Chip Zullinger, the man tapped to take over Denver Public Schools, isn’t intimidated by concerns that he’s unfamiliar with issues facing the city’s Hispanic community.

Just because he hasn’t dealt with large groups of Hispanic students in his previous jobs, he says, doesn’t mean he can’t.

“Disenfranchised people are something that I’ve dealt with a lot,” said Zullinger, 48, who comes from the Charleston, S.C., school district, which is 65 percent black. “It’s kind of exciting to me. I want to begin developing a system that is responsive to the Hispanic community.”

Zullinger, who will be named DPS superintendent this week, will have to work with a Hispanic community that feels its interests were not taken seriously by the previous regime.

Almost half of the 60,000 students in DPS are Hispanic, and with a new bilingual education program to begin this fall, Hispanic leaders will be watching Zullinger very closely.

Zullinger wants to get more Hispanic parents involved, to give them a sense of ownership in the schools.

But that may be hard to do.

Before Charleston, Zullinger was superintendent of the school district in Casper, Wyo. Some Hispanic activists and leaders are questioning whether his lack of experience in bilingual education will hamper the success of their kids. They have seen high numbers of Hispanic kids drop out of school or fail to graduate. They’ve witnessed their test scores constantly fall below those of their Anglo counterparts.

“It seems as though the district is intent on not hiring someone who is black or Hispanic or somebody that hasn’t had major experiences with Hispanics,” said Pierre Jimenez, a leader in the Hispanic community.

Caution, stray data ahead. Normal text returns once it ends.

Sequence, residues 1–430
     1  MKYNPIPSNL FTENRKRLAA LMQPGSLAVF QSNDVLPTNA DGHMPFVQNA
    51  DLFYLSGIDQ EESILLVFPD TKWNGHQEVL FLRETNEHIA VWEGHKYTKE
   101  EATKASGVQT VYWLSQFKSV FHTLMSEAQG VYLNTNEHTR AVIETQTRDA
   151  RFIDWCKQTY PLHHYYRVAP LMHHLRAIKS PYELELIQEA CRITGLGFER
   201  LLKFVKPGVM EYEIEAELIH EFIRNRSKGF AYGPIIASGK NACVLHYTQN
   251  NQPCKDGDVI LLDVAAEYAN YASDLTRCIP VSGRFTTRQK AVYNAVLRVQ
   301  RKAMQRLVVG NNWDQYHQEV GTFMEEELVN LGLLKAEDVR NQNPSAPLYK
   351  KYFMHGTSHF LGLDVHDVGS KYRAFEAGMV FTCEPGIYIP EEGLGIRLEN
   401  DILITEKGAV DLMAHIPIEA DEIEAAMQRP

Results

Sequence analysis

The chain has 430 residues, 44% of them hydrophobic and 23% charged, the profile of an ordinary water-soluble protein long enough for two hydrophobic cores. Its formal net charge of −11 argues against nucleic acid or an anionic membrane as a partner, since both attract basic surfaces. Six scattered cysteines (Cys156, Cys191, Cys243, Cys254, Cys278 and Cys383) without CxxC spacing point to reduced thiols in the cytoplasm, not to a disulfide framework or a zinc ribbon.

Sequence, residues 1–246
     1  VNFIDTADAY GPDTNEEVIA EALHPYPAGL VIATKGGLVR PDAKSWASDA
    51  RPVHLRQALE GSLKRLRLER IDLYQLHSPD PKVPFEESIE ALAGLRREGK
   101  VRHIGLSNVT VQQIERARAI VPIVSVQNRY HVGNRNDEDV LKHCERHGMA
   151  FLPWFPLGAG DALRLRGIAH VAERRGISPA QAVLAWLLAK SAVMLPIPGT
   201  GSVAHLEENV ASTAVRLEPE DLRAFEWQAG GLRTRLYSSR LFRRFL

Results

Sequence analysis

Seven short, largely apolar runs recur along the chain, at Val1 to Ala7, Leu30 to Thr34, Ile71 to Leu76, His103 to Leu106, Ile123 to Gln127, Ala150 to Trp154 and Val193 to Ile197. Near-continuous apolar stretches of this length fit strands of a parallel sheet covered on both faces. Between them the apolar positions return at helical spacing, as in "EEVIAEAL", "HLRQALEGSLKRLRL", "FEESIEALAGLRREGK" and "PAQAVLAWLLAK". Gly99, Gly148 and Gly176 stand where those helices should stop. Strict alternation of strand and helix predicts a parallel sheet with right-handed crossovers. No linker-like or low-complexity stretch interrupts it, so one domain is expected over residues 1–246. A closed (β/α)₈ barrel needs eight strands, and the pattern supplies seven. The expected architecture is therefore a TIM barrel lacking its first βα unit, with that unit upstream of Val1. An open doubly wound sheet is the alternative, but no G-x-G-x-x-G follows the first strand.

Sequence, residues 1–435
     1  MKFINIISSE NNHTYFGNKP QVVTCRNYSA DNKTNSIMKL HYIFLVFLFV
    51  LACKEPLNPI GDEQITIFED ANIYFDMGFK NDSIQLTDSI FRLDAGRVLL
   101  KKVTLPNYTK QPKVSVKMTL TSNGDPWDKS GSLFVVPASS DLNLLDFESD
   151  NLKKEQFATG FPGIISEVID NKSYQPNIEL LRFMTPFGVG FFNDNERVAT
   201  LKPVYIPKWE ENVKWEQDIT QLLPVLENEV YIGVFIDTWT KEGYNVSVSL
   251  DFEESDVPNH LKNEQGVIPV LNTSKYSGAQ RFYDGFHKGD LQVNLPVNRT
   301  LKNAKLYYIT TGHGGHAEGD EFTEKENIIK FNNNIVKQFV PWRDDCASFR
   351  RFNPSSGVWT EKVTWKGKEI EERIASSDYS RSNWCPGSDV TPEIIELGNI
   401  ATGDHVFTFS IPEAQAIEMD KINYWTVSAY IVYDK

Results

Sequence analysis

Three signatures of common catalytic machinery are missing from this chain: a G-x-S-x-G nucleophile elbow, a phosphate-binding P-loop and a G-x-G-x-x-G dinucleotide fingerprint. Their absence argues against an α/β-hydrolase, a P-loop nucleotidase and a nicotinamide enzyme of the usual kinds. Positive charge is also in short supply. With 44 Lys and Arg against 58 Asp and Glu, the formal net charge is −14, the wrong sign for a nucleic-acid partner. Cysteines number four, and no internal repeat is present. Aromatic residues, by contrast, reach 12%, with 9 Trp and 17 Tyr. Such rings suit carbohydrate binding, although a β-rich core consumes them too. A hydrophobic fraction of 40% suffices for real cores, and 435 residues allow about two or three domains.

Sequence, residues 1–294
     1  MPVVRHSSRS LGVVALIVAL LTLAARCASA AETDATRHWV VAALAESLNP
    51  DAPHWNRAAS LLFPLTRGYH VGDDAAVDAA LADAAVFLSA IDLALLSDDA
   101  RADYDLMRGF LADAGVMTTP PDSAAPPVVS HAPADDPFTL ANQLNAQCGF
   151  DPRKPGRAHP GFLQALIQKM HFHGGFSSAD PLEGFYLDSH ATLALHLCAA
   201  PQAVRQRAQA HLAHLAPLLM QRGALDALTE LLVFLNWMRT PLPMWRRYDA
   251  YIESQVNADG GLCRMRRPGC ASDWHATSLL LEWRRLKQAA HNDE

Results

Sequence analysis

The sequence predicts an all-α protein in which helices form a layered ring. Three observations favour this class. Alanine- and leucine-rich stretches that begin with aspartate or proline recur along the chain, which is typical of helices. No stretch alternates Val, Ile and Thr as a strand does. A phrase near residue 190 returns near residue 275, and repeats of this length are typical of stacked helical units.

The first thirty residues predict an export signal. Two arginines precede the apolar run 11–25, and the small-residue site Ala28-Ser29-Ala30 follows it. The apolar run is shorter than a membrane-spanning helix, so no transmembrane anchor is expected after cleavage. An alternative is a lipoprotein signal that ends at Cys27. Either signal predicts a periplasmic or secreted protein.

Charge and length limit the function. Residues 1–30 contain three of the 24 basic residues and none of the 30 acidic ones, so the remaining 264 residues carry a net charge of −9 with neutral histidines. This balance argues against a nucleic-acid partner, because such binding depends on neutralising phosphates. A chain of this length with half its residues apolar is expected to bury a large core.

Desiree Sanchez, public policy director of the Latin American Research and Service Agency (LARASA), said a coalition of Hispanic activists called the Latino Education Campaign, which includes LARASA and others, urged the school board last week to continue the superintendent search.

Many others also felt the board should resume its search for a top-notch superintendent, after Zullinger and the three other finalists failed to impress community members at public forums earlier this month.

“We were unhappy with the work experiences of all four candidates,” Sanchez said.

However, Sanchez said that if Zullinger is appointed, the group would work with Zullinger.

“We hope he would sit down with us,” she said.

The Denver school board still still hasn’t officially confirmed its choice of Zullinger, which was first reported Sunday in The Denver Post.

“The school board expects to make an announcement (today) or Wednesday,” DPS spokeswoman Amy Hudson said.

Even Zullinger isn’t confirming whether he’s got the job or not.

“I haven’t been told anything,” Zullinger, 48, said Monday. “The board still has to speak as a group about this.”

By state law, the school board was required to wait until at least today –
14 days after the finalists for the post were made public – to name its choice. The board would then officially sign Zullinger to a contract and ratify it at its first meeting in August.

Zullinger’s imminent appointment doesn’t come without controversy.

For starters, Zullinger is on paid administrative leave from his job as superintendent of schools in Charleston, S.C., where he has clashed with a newly elected school board.

And Zullinger doesn’t have unanimous support from the Denver school board either. At least one board member – Rita Montero – said Zullinger’s not her choice for superintendent. She did not say who was but added that she has no plans to request a new search and that she will try to support him.

Zullinger was one of four finalist seeking the job held formerly by Superintendent Irv Moskowitz, who stepped down June 30.

The others were: Eugene Gutierrez of Fort Worth, Texas, James Harris of Buffalo, N.Y., and Robert Schiller of Baltimore, who was the board’s second choice.



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